A Member of the Bar of the District of Columbia Court of Appeals
Before Terry, Steadman and King, Associate Judges.
The opinion of the court was delivered by: Per Curiam
On Report and Recommendation of the Board on Professional Responsibility
PER CURIAM: Before us are two reciprocal discipline cases involving respondent under D.C. Bar R. XI, § 11. One is Bar Docket No. 315-89, the Perlowski matter, and the other is Bar Docket No. 143-91, the Pilson matter. *fn1 In a single Report and Recommendation by the Board on Professional Responsibility covering both cases, the Board recommends that in the Perlowski matter, respondent be suspended for three years, nunc pro tunc to May 10, 1989, and that in the Pilson matter, respondent be suspended for one year, nunc pro tunc to November 18, 1988. *fn2 The Board recommends that both suspensions bear a requirement that respondent demonstrate his fitness to practice before being readmitted, pursuant to D.C. Bar R. XI, § 16. We accept the Board's recommendation.
The Board's Report is lengthy and intricate because of the procedurally complex nature of the proceedings both in the foreign jurisdiction (Virginia) and here. *fn3 However, no exceptions or opposition have been filed to the Report and Recommendation either by respondent or by Bar Counsel, see D.C. Bar R. XI, §§ 9(e), 11(e), 11(g), and no briefs have been filed. *fn4 Because of the nunc pro tunc nature of the suspensions, the practical effect of the recommendation is to render respondent eligible to apply immediately for readmission. See In re Reiner, 561 A.2d 479, 483 n.5 (D.C. 1989). A member of the Bar who is the subject of a pending disciplinary proceeding may acquiesce in a disbarrment by consent, D.C. Bar R. XI, § 12, and we see no reason why an attorney who does not file any exceptions or opposition to a disciplinary recommendation by the Board should not, as a general rule, likewise be considered as having acquiesced in effect to the proposed sanction. Cf. In re Solomon, 599 A.2d 799, 801 (D.C. 1991) ("An attorney who chooses not to participate in a disciplinary proceeding as it progresses through the system designed to protect that attorney's rights cannot reasonably expect that a presumption of prejudice will operate in the attorney's favor.")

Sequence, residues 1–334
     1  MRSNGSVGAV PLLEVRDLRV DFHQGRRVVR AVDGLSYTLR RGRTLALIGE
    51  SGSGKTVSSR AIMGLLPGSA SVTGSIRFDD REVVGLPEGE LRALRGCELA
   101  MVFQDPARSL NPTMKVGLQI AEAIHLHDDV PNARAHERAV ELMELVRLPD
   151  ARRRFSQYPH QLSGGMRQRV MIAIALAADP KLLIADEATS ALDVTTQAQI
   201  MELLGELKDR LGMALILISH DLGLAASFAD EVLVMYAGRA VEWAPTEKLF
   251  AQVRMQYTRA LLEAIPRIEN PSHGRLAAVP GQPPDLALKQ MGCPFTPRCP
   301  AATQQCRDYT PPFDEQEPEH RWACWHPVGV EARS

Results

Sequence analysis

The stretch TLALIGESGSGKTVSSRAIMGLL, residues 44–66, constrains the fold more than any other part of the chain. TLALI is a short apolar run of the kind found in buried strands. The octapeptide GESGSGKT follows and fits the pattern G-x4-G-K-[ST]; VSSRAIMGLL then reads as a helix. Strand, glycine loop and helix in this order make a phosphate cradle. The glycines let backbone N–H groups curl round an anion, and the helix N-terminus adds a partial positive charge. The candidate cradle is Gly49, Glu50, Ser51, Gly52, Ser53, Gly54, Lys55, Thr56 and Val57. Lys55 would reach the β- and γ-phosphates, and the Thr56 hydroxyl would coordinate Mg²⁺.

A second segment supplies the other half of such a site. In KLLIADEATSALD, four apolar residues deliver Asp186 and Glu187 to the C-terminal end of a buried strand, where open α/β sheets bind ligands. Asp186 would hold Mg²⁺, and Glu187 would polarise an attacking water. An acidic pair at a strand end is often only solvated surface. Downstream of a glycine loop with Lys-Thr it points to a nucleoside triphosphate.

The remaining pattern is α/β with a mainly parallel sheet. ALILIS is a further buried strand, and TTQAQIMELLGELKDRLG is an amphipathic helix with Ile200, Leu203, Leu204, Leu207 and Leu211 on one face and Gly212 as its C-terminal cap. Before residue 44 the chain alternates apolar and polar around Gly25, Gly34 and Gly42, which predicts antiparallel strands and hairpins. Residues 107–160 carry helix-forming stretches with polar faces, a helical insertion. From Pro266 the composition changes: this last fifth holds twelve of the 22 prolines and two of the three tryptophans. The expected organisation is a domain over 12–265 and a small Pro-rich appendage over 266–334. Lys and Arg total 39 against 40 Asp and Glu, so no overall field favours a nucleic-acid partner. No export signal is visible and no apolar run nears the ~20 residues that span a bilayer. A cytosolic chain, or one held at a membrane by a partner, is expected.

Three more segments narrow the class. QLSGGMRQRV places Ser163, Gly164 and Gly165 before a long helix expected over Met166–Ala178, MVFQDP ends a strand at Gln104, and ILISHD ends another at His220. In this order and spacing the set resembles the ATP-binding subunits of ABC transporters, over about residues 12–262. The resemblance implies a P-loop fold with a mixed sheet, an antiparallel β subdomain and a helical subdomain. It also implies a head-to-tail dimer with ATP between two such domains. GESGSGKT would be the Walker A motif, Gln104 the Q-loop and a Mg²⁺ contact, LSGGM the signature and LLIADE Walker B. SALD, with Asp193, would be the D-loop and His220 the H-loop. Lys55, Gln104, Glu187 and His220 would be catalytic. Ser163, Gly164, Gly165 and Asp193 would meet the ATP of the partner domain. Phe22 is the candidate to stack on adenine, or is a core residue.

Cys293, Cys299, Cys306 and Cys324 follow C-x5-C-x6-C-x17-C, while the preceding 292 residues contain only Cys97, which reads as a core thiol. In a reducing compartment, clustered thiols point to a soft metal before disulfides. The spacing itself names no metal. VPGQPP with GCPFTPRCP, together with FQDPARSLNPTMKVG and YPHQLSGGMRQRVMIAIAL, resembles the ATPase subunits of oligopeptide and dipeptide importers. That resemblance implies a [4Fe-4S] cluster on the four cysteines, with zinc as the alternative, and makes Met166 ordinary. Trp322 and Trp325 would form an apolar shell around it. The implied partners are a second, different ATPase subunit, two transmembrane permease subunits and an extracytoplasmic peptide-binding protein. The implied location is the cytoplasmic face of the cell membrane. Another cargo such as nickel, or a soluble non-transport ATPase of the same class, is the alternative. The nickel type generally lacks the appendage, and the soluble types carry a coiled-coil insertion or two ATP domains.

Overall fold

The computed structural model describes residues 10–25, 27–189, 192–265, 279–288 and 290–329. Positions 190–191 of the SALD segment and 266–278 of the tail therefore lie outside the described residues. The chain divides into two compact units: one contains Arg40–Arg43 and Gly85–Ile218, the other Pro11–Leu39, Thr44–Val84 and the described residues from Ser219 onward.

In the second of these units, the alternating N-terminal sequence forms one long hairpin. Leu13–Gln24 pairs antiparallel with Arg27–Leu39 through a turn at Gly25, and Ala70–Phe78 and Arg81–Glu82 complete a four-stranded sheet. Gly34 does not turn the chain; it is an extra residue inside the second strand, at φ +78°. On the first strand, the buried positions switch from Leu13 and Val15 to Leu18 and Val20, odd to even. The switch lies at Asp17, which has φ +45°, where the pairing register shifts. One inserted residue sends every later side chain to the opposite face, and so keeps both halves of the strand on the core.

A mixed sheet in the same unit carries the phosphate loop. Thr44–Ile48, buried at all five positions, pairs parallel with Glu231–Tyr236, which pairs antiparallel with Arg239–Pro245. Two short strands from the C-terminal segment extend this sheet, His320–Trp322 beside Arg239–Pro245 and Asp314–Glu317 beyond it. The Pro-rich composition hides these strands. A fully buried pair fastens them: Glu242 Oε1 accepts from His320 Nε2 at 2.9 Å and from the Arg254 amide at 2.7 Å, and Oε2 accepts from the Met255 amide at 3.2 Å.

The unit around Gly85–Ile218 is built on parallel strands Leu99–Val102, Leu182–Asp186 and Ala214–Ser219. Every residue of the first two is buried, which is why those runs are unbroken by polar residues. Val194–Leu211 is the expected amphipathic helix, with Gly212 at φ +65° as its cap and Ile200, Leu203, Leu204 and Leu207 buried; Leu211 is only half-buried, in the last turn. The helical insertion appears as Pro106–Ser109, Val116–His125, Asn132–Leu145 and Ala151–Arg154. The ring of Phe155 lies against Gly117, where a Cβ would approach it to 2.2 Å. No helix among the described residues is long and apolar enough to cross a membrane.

In reciprocal discipline matters where the Board recommends that identical discipline be imposed, this Court shall impose such discipline "unless the the attorney demonstrates, or the Court finds on the face of the record on which the discipline is predicated, by clear and convincing evidence," that one of the grounds stated in the rules for not imposing such discipline exists. D.C. Bar R. XI, § 11(f)(emphasis added). Where the Board recommends a different discipline from that imposed in the foreign jurisdiction but based upon the foreign proceedings, as here, no express standard to govern this court's review of the Board's recommendation is set forth. *fn5 However, we may fairly be guided by both the foregoing standard applicable to the imposition of identical discipline and the standard by which we review Board recommendations in original disciplinary actions; viz., that we "shall accept the findings of fact made by the Board unless they are unsupported by substantial evidence of record, and shall adopt the recommendation Disposition of the Board unless to do so would foster a tendency toward inconsistent Dispositions for comparable conduct or would otherwise be unwarranted." D.C. Bar R. XI, § 9(g). *fn6
Here, the attorney affected does not suggest that the findings of the Board are unsupported by the record or make any attempt to demonstrate that the recommended discipline is not in accord with the criteria for proceedings based upon foreign disciplinary proceedings or would foster a tendency toward inconsistency, and we find nothing on the face of the record to suggest otherwise. *fn7
Under all the circumstances of this case before us and for the reasons discussed above, we accept the recommendation of the Board. Accordingly, it is
ORDERED that respondent be suspended from the practice of law in the District of Columbia for three years, nunc pro tunc to May 10, 1989, and for one year, nunc pro tunc to November 18, 1988, with reinstatement in each case to be subject to proof of ...